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I can't find the default directory .tar files are extracted to. OS - Ubuntu 16 4. Please don't answer : the same folder as the tar file, because it's not there (and every tutorial or question I've found uses that answer). Help, please ?!

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When the image is packed its directory structure can be preserved. To see the directory structure of a tar without untar-ing it:

tar -ztvf my-data.tar.gz

The -t (short for --list):

List the contents of an archive. Arguments are optional. When given, they specify the names of the members to list.

If it's not in the same directory as the tar file was extract then it will be in a subdirectory of that directory, unless -C or --directory was specified:

   -C, --directory=DIR
          Change  to  DIR  before  performing any operations.  This option is
          order-sensitive, i.e. it affects all options that follow.

Try find . -name '*expected file*' to search for it under the current directory.

  • Find helped, thank you. It wasn't in the directory or subdirectory I was in. It defaulted to another folder for some reason. Sent it to my home folder for some reason. – eftexar Jun 1 '17 at 2:38
  • @eftexar what was the command you used to un-tar? – Andy Jun 1 '17 at 2:49
  • Either tar -xzf or -zxvf, was what I used. – eftexar Jun 1 '17 at 3:03
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It's the directory that is encoded in the archive, unless changed with e.g. -C when extracting. You can always get a listing of the file paths in the archive with

tar -t -f archive.tar

The paths stored in the archive are almost always relative paths (unless -P was used when creating the archive), which means that the contents of the archive will be unpacked as a file hierarchy in the current directory (unless changed with -C).

  • Most versions of tar that I've used over the ages will always remove the leading slash when adding an absolute path (/path/to/foo) so that when it is extracted it will always be relative to your current workign directory, unless as noted in another answer you use the -C option – ivanivan Jun 1 '17 at 4:10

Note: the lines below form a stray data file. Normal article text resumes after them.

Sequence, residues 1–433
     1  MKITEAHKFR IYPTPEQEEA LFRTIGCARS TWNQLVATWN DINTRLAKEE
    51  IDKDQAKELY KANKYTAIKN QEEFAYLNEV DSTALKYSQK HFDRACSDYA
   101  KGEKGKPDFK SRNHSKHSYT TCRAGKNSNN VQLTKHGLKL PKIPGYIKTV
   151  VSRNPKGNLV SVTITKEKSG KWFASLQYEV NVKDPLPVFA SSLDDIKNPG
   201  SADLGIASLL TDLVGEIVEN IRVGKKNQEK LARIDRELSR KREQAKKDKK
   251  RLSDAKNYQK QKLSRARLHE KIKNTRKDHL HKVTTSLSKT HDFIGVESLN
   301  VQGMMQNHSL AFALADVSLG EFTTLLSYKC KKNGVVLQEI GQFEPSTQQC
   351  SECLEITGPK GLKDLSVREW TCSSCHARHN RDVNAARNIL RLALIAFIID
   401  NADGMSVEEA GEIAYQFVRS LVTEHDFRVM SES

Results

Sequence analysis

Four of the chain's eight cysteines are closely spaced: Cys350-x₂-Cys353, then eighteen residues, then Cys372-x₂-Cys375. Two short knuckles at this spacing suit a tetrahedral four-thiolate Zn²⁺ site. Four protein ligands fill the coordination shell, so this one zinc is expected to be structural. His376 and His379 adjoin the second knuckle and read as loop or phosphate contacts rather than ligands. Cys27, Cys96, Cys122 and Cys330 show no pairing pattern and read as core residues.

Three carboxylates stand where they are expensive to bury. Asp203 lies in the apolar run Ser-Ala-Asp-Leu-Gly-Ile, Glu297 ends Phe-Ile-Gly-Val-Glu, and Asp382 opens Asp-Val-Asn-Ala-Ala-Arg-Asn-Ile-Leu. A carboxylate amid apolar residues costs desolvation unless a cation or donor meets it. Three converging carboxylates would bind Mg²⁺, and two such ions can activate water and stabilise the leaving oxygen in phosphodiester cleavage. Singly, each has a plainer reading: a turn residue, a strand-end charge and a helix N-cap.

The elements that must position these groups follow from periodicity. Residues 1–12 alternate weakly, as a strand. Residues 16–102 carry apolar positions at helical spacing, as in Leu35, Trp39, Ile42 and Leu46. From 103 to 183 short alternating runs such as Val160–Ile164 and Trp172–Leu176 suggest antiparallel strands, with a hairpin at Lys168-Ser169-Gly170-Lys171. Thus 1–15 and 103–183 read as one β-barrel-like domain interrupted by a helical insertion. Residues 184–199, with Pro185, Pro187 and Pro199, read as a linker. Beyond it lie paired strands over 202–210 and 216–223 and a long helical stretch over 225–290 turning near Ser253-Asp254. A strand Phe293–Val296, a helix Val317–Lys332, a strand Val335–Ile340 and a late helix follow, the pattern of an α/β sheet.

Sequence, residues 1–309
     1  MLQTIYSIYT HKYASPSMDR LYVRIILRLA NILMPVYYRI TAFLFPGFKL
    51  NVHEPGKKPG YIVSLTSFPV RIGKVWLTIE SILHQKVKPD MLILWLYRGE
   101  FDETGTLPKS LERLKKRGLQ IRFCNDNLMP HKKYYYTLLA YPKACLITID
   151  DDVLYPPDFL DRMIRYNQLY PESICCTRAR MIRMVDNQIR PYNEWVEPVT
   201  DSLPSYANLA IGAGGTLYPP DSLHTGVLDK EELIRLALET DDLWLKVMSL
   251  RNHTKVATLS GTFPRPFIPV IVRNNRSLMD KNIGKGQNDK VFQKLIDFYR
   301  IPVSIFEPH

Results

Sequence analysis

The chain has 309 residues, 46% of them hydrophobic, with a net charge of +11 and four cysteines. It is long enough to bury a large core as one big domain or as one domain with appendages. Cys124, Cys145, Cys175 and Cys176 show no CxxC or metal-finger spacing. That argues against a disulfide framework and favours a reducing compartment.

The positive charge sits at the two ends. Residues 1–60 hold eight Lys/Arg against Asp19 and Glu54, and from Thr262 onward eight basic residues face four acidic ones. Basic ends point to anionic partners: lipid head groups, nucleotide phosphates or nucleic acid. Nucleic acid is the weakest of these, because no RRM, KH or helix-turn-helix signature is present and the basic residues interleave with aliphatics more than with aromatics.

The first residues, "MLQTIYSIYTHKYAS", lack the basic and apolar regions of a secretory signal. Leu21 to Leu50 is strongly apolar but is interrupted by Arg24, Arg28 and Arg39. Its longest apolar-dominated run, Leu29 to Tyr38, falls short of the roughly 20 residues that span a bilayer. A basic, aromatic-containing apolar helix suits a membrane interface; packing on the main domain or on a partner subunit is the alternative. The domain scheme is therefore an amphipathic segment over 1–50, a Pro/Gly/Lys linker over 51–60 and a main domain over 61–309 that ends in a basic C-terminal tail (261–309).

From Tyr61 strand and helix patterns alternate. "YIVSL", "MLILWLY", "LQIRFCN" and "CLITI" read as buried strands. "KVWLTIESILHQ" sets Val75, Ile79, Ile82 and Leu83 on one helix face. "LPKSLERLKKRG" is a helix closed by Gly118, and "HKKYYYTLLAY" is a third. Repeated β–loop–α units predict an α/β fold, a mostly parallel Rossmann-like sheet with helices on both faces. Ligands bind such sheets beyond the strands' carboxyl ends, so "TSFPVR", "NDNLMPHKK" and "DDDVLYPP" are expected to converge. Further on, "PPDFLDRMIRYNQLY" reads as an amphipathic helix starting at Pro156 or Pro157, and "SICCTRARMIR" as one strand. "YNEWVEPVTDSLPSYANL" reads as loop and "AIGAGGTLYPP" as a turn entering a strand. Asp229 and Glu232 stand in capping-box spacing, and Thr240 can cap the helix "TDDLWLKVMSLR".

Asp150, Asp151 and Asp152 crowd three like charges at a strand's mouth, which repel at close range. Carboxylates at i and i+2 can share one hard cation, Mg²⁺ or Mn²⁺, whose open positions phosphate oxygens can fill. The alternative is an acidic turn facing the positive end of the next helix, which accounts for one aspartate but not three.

• @ivanivan With -P, the absolute pathnames are not stripped of their initial / when archiving. That's why I said "almost always". – Kusalananda Jun 1 '17 at 4:13
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The tar command extracts files in its current working directory. When you run tar from a shell, that's the current working directory of the shell, the one that's set by the cd command, displayed by the pwd command, and sometimes displayed in the prompt. The extraction directory can be changed with the -C option.

Many tar files have all the files inside a single top-level directory (relative to the extraction directory), usually with a name that resembles the tar file. In this case all the extracted files are under that directory. But that's not an obligation, there are many tar files that contain multiple top-level directories and top-level files. On the other hand, tar on Ubuntu and on most other systems won't extract any files outside of the extraction directory.

The extraction directory does not depend on the location of the tar file at all. (That's for the tar command, and generally most command line archive manipulation programs. GUI programs might behave differently.) The extraction directory is the location of the tar file if the tar file name argument passed to tar doesn't contain any directory part, but in general it could be anywhere.

If you don't remember what the current directory was when you ran the tar command, check your shell history (in bash, press Ctrl+R then type tar; press Ctrl+R again to repeat the search). If you find a relative path to the archive (e.g. tar xf subdir/archive.tar), you may be able to work out what the current directory was (with this example, it was the parent of the directory containing the archive). Of course this won't always help, for example if the path is an absolute one.

If you can't find the files, you can try to look for files that were created or modified (more precisely, any change whatsoever made to the file or its properties) in the right time range, with the command find and its -ctime or -cmin option, e.g.

find ~ -cmin +30 -cmin -61

to look for files that were changed between 30 and 60 minutes ago under your home directory. Instead of -cmin and -ctime you may use -cnewer somefile to compare the change time with that of the file somefile. You can add -name foo at the end of the find command to narrow down to a specific file name contained in the archive (without any directory part).

If you ran tar the previous day or before then the locate database may let you know where your file is. For example, if the archive contains a file some/directory/myfile.txt then locate some/directory/myfile.txt will tell you where such a file can be found.

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